Get a head start on beautiful summer blooms now

Cannas and elephant ears can bring a touch of tropical flair to the Midwest garden (photo courtesy MissSt U0
Cannas and elephant ears can bring a touch of tropical flair to the Midwest garden (photo courtesy MissSt U0

Spring is finally here, well early spring at least. Our soil outside is still too wet to work, but you can still get your hands in the “dirt” inside by jump starting some of the best flowers of summer: Cannas, elephant ears, begonias, and caladiums.
These summer bulbs/corms offer great color, structure and drama to the garden. But many of these are tender tropical plants, meaning they won’t survive in our cold, wet soils over winter. They need to be taken up after the tops are killed by fall frost and stored in a frost-free location until the next growing season.

Does that sound like a lot of work? Some think so, but you can’t beat the stunning tropical color and dramatic foliage of these plants. You have three options to get these showstopping plants for your garden this year. You can buy the dormant (dry) bulbs and corms (bulb like structures) right now and wait to plant them outside after all frost, usually mid-May.

You can also wait to just buy the living pre-grown plants when the stores have them out. But you will pay more for the luxury of a pre-grown plant, at least twice as much as the dormant bulb.

And then there is the best option — buy those dormant bulbs now, and pot them up inside right now, to get them going and growing 6 weeks ahead of time. This process is fairly easy and fast, and well worth the time. You can have your Cannas blooming by the end of June instead of late July. You only need a few simple tips to get growing.

To “awaken” these hard, dry, crusty tropical bulbs from their long winter sleep (dormancy) you need to give them moisture and warmth. You can use any container, even recycled, as long as it has a hole in the bottom for drainage.

As far as containers go, though, you have two choices: If you are planning on planting these bulbs in the ground, just use inexpensive, leftover containers you have to get them started now. But, if you want to lessen the work in the fall when it comes to tender plants, grow them in containers instead — permanently. So start them out in a large container right now, inside; then you can just take that pot in and out every season.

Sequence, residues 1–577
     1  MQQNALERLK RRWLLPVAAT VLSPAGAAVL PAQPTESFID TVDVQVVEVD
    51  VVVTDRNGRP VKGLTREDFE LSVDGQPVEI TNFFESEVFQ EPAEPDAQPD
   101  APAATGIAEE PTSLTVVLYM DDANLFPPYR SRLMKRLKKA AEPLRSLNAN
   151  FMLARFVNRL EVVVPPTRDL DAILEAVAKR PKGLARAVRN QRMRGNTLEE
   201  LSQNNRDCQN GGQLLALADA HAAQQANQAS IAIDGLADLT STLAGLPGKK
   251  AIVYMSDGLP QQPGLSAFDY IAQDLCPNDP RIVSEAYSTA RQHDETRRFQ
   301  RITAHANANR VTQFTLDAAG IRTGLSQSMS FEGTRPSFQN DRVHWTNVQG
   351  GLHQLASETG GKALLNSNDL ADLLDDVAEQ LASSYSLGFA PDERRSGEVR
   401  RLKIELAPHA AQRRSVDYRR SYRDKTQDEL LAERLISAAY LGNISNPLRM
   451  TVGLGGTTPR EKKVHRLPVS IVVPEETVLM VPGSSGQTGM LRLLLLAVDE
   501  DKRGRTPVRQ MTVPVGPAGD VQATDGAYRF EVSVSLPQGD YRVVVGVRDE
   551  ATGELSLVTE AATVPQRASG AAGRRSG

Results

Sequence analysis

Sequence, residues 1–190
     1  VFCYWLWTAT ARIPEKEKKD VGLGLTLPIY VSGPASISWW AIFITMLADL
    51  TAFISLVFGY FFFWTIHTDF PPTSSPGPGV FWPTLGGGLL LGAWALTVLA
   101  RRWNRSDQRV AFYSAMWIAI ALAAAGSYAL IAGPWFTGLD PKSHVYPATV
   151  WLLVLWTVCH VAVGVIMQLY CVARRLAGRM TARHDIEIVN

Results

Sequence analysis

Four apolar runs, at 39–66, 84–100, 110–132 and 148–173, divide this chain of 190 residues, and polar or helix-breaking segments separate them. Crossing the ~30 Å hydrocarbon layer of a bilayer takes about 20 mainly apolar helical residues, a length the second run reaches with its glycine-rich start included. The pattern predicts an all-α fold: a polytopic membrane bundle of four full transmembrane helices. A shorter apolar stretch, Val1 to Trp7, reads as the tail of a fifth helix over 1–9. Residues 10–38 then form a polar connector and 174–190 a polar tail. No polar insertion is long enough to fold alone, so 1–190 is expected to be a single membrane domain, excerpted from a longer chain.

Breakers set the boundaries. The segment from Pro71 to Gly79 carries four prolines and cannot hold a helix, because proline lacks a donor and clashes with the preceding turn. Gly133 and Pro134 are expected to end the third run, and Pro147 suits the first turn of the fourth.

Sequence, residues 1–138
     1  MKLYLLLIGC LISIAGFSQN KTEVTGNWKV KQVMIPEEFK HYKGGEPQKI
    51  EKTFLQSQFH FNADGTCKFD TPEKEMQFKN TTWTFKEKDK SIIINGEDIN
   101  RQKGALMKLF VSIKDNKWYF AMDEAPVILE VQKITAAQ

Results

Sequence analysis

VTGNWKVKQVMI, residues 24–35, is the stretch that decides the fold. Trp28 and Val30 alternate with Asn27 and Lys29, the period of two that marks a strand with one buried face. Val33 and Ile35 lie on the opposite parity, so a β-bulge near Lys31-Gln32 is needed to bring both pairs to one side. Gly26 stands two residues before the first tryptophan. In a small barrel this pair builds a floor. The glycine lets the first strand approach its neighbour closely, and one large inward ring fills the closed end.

Once you have decided on your container strategy, fill with potting mix (I shouldn’t have to say this, but always will, never, ever use potting soil, too heavy, discourages growth). A great tip when using potting mix is to pre-moisten it ahead of time. I usually pour 2 or 3 cups into the potting mix bag the night before I want to plant. This helps to hydrate the mix, and also cuts down on the dust when planting.

Then it is time to plant these dry, sometimes strange-looking, bulbs, corms and tubers. The names don’t matter when planting. It is more that they are botanical terms that are derived from what plant part these fleshy outgrowths emerge. What is important, is they each have a little different planting style.

Cannas are long and fleshy roots; to plant them, lay them on their side 2”-3” down in the soil, with the nubs of the growing tips facing up. Don’t worry if there are growing tips on more than one side of the roots, Mother Nature gives plants an amazing superpower called geotropism, which orients plants to send their shoots up and their roots down.

You may be surprised to find that cannas are actually water marginal plants. They love growing in a wet spot or at a pond’s edge. Remember this as you pot them up now and be sure to keep them moist.

Another water-loving, tender plant that brings great drama to the garden are the Elephant Ears. These plants are Colocasia and alocasias. It is not their flower that they are grown for, but the dramatic foliage. Some are truly elephant ear-sized leaves, while others thrill with smaller leaves that have dramatic foliage, particularly near black foliage. My favorite variety is called coffee cups. It has striking dark purple venation and stems, and the leaves literally cup upward.

Plant elephant ear bulbs with the root side down (this can appear as a disc or whisker like hairs) and the growing tip, just below the soil. Provide these tropical beauties lots of water and as much sun as your windows can provide.

For those show-stopping, dinner plate sized dahlias, plant the tubers so their “eyes” (growing tips) face up and they are 2” below soil. Dahlias can grow to six feet, so they are best started inside then planted in the ground and substantially staked.

Caladiums and tuberous begonias are stars of the shade garden. Caladiums with their polka dotted, brightly colored leaves, and the begonias with their spectacular blooms. For tuberous begonias, the corm has a slight depression on one side; that is the side you face upward, then cover with one inch of soil. Water sparingly as early on in their growing the are susceptible to rot. For caladiums, look for little raised areas, to face upward, those are the growing points. Cover with one inch of soil.

Be sure to harden off these tropical transplants before setting them outside permanently. Early to mid-May, put them out for increasing amounts of time for a couple weeks, so they can adjust to our wind and sun.

They will reward you all season long!

Rieger and tuberous begonias can brighten up the shade garden with their spectacular non-stop blooms.

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